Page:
The women did the best they could with their limited funds, buying a few Christmas gifts for each other.
"But it wasn't much fun shopping back then," Margaret DuRand says. "There wasn't much stuff to buy and besides we didn't have much money."
"Back then" were the days of World War II ... back when Margaret was working in a defense plant in California helping turn out an airplane that was a big player in winning the war.
She made do with little, but there were fringe benefits ... like standing next to a handsome guy who later would take on an important governmental position.
The tip for this column comes from Donna Ellig, Moorhead. She'd seen a story here about a local woman who was a "Rosie the Riveter" during World War II, which prompted the note about Margaret, who is her mother.
Quick background on Margaret: She was born in 1921 in Steele, N.D.; graduated from Guelph (N.D.) High School in 1939; worked in the Penney's store in Oakes, N.D., from 1939 to 1943, then, with a friend, went to Los Angeles to seek a job in a defense plant.
"Twelve girls from the Oakes area went out there at different times," Margaret says. "We were just two of them."
Margaret applied for a job at North American Aviation, was hired and sent to a training center to learn how to rivet.
She must have learned rapidly and well, because they named her an inspector and kept her there for a year checking on how other trainees were doing.
Then she was transferred to North American's main plant in El Segundo.
Coming off its assembly line: the famed P-51 Mustang fighter planes.
"It was a wonderful airplane," Margaret says. "They say it won the war."
She was named a roving inspector. "I'd work in whatever department was needed," she says, checking on the work being done.
She worked the 10-hour night shift four nights a week, although she often worked overtime.
She started at 65 cents an hour. Raises came periodically. When she left in 1945, she was making $1.05 an hour.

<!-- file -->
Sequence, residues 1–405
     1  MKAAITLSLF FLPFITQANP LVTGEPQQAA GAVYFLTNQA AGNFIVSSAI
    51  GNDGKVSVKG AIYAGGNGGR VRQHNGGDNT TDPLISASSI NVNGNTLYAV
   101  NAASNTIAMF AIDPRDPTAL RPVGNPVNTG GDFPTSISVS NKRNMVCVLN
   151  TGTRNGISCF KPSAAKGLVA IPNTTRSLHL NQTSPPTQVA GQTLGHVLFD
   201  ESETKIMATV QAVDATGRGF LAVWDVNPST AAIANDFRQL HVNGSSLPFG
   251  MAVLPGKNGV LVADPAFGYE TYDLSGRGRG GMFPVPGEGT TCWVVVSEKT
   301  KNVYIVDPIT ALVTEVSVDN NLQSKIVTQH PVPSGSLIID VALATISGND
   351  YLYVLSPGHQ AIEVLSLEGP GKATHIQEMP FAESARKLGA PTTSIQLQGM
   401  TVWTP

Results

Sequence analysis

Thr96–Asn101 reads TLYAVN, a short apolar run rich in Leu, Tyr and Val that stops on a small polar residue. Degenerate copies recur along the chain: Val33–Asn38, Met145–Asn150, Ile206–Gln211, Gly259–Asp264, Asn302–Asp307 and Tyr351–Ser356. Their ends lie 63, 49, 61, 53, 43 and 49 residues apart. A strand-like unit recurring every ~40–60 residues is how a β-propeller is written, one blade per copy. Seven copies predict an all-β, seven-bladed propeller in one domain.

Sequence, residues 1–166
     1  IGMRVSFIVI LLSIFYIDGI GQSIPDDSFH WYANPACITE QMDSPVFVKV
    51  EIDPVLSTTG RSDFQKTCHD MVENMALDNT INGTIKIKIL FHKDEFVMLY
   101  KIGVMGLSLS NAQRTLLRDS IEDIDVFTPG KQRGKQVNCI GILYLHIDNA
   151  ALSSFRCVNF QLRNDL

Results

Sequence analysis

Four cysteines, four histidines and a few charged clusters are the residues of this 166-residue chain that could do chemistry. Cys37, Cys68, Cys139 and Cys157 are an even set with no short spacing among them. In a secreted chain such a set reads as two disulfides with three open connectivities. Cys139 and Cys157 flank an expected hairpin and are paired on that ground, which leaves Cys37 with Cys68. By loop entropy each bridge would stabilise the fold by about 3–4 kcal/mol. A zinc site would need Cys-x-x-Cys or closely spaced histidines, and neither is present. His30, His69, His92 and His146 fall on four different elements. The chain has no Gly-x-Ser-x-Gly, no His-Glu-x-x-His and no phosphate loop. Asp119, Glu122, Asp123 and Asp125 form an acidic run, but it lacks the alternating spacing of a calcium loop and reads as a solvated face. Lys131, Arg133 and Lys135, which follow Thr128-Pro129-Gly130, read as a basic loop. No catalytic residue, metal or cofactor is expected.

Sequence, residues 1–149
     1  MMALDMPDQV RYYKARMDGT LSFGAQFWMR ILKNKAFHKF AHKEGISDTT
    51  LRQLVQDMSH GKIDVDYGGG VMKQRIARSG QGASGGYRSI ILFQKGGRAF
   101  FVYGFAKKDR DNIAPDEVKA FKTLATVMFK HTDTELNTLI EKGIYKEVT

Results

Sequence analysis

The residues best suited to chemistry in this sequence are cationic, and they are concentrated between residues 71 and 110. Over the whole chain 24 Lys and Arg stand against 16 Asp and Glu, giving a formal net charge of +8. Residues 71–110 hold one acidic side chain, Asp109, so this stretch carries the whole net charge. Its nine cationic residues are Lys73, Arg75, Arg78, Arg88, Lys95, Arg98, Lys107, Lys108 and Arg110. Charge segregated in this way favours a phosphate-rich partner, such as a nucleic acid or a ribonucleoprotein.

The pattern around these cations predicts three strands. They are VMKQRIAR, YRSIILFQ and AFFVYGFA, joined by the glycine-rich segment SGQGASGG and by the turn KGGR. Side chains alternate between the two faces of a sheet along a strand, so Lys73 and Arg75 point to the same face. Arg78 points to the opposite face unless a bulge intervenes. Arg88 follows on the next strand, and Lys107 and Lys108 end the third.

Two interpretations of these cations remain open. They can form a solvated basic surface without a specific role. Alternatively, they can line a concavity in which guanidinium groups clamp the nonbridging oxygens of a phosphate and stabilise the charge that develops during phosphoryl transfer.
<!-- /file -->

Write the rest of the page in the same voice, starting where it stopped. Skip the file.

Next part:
But expenses were low. Example: The apartment she shared with Helen Ratz, of Verona, N.D., was completely furnished, included sheets, towels and dishes, and rented for $30 a month.
Margaret was able to buy a $25 War Bond each week to send home to her parents.
But Christmases were meager in terms of the usual trappings.
"A few of us girls would get together and maybe have a potluck and exchange gifts. I sent a few gifts home, too.
"My roommate and I didn't have a tree or decorations in our apartment. But you had a hard time finding decorations to buy, anyhow, even if you had money."
Her weekends were free, so then she and the other women took buses ("Nobody had cars," she says) to places like the Palladium to dances, to movies and to the Coliseum in Los Angeles where she once stood next to a man she says was "the best-looking guy I ever saw." His name: Ronald Reagan.
The plant Margaret worked in was "huge," she says. "Everything was camouflaged at first, until near the end of the war, and of course there were blackouts at night."
The women had a favorite routine there. "The finished planes would sit at the end of the line," she says, "and we girls would crawl up and sit in the cockpit and imagine what it was like flying them and all sorts of things. We left notes there, too, but we never heard from anybody. Not one."
With the end of the war, Margaret returned home and married Robert DuRand. He'd been a radar man in the Army Air Corps in England.
Robert and Margaret owned DuRand Electric in Oakes for 38 years. Robert died in 1996. Margaret, 83, still lives in Oakes.
They had three children and a grandchild.
Margaret, you never told your husband about Ronald Reagan being the handsomest guy you ever met, did you?
"Yes, I did," she says. "In fact, I told him if we ever had a son, I'd name him after him."
Yes, they had a son.
And yes, his name is Ronald.
If you have an item of interest for this column, mail it to Neighbors, The Forum, Box 2020, Fargo, N.D. 58107; fax it to 241-5487; or